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    Senior Member Tradd's Avatar
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    45 would be too low. 55 is the lowest I’d go. Do you have someone who can come check on things every other day or so?

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    Senior Member SteveinMN's Avatar
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    No pets to consider here so we set to hold 55 degrees and we're done. The house is insulated well enough that we've not had an issue with damage even when the temperature has gone down to -30* F for a couple of days.
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    When we're home we do 64 while we're working. This is what our indoor-only cats are used to so we don't drop it any lower. As it is they crawl inside blankets for warmth.

    At the cabin, we set our baseboard heat at 50. We had frozen pipes the winter it hit -30. Sooooo we have heat tape around all the pipes in our crawl space. ALWAYS leave the cabinet doors open under sinks so warmth can get to those pipes.

    I would set your temp at what your normal low is when you're in residence. you know everything will be safe and your cats will be comfortable because they are accustomed to that temp.

    When we're gone more than 48 hours we have a cat sitter come in to feed , give them fresh water and clean the catbox.

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    If you do decide to leave under sink cabinets open, make sure there is nothing under there that could harm your cats. They will probably want to explore the interesting new space, and could knock over chemicals, eat steel wool (yes I have heard of cats actually doing that) and so on. Might be best to box everything up and store it in a room they won't have access to. Also prop the cabinet doors open so the cats can't close them.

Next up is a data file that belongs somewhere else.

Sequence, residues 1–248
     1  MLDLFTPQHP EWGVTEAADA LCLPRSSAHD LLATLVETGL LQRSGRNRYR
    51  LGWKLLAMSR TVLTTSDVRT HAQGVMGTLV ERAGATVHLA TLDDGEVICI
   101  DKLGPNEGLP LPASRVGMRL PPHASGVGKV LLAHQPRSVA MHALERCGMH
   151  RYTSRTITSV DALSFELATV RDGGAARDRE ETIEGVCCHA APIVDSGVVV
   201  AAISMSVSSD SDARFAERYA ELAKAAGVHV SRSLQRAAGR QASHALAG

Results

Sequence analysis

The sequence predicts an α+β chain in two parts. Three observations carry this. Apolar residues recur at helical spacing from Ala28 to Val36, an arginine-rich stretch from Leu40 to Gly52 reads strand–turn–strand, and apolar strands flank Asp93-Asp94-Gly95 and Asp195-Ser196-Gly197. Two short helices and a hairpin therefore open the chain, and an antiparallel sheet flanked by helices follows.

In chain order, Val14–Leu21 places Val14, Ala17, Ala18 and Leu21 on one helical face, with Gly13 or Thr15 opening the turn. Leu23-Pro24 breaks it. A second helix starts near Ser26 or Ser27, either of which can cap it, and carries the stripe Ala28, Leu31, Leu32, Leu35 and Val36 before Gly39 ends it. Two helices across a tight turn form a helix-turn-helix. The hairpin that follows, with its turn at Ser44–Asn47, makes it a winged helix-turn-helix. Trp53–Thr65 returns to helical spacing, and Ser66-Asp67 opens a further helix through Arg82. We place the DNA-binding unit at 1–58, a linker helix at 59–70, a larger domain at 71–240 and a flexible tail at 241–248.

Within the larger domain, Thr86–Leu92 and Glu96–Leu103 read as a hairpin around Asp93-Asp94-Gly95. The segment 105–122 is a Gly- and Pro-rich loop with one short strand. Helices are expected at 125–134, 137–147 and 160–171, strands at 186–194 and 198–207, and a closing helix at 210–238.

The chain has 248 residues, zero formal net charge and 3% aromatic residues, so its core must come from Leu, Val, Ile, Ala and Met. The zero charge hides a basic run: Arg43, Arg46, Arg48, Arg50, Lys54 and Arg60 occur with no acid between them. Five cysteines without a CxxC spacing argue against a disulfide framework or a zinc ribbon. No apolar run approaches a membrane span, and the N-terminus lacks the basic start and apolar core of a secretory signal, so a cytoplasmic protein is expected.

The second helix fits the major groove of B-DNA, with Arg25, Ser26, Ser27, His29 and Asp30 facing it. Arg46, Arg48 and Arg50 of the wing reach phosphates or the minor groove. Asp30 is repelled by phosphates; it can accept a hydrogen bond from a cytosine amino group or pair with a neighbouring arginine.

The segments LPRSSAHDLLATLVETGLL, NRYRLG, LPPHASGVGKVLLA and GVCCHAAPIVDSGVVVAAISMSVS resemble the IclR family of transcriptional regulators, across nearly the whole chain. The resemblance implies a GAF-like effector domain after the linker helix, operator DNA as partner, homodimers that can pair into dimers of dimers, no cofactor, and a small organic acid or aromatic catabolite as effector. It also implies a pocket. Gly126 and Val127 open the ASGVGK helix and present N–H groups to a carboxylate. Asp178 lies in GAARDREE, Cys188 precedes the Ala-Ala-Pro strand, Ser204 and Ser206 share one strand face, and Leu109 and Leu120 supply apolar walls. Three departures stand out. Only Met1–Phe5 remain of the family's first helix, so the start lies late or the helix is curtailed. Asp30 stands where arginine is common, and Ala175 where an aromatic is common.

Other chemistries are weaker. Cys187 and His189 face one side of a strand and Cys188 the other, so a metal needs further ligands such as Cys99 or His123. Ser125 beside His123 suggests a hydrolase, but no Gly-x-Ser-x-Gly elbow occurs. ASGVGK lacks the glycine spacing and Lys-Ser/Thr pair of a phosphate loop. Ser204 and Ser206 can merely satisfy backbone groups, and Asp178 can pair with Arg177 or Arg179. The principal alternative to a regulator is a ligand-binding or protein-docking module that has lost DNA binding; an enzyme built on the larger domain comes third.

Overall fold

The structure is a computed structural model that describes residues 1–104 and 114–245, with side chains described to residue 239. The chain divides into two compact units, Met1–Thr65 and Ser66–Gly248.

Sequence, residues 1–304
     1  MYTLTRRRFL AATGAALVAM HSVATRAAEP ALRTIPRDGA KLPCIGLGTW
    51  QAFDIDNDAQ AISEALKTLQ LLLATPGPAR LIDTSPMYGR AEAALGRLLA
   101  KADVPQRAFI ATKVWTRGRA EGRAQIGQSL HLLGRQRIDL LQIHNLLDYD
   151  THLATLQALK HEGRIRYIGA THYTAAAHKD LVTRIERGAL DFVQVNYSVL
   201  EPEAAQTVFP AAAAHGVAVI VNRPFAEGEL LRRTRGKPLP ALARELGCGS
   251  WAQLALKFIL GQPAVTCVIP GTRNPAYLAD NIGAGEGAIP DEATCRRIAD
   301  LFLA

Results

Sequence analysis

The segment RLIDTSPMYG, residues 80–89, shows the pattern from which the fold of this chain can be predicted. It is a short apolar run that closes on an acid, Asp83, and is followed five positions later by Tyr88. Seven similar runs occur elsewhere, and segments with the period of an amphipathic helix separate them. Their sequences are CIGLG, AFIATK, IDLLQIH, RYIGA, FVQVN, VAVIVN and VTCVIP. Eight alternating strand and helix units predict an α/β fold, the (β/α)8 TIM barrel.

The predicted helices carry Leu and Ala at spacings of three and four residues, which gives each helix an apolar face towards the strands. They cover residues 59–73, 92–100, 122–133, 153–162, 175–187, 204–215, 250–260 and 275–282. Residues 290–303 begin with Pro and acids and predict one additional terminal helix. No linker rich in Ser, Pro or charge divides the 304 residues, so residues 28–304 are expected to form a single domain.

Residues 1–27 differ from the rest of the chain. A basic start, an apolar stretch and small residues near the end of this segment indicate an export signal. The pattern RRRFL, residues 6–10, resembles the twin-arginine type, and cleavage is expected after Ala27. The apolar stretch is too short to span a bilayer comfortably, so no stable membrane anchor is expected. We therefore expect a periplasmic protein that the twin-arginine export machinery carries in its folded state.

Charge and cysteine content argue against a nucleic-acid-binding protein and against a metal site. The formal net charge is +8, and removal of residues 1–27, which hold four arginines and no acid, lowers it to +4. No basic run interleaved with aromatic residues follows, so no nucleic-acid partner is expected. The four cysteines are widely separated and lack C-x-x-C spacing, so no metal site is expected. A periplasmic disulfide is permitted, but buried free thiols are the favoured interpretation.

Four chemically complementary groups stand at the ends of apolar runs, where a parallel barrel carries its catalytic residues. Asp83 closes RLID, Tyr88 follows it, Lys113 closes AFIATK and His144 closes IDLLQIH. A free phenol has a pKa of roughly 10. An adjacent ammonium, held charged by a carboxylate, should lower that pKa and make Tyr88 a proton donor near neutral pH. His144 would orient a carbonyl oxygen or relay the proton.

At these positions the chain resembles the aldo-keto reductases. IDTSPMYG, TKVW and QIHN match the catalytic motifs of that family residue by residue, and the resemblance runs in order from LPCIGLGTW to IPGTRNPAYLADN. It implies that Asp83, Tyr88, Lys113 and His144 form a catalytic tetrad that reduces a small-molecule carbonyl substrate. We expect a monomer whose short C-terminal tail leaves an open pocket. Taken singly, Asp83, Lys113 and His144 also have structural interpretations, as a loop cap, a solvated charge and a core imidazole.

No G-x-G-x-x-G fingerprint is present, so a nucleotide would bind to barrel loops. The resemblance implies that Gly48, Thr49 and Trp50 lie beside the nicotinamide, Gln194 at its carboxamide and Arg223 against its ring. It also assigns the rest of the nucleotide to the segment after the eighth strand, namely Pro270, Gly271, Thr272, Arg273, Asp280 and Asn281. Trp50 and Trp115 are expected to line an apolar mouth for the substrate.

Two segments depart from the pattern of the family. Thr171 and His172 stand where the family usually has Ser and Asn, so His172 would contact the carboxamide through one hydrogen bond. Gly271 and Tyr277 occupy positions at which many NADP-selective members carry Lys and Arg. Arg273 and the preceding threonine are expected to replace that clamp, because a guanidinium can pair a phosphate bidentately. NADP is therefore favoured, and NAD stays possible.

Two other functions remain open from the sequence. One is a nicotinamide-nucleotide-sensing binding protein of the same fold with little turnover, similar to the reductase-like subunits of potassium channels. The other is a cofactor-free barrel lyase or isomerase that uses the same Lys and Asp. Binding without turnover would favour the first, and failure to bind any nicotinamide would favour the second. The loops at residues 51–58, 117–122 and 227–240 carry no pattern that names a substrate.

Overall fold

If it were just a house - no pets and no houseplants - it would depend on how cold the outside temp was, where your pipes run, and how well insulated they are from the outside.

    Since your cats are not used to anything lower than 55, I would not go below that at night. And I doubt a two degree difference in daytime temperature will bother them any.
    The more you know, the less you need.

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    There is a cat sitter coming every other day to feed and clean cat box, bring in mail etc. I Just didn't want her to have to mess with the thermostat. When we are home and can watch him, we let one of the cats outside as he never leaves the backyard. The first thing he does is head for a sunny patch and sits like a statue for thirty minutes just soaking up any heat and light. They do like their warm...

  10. #10
    Senior Member iris lilies's Avatar
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    We set our Hermann house at 55 degrees. No cats here.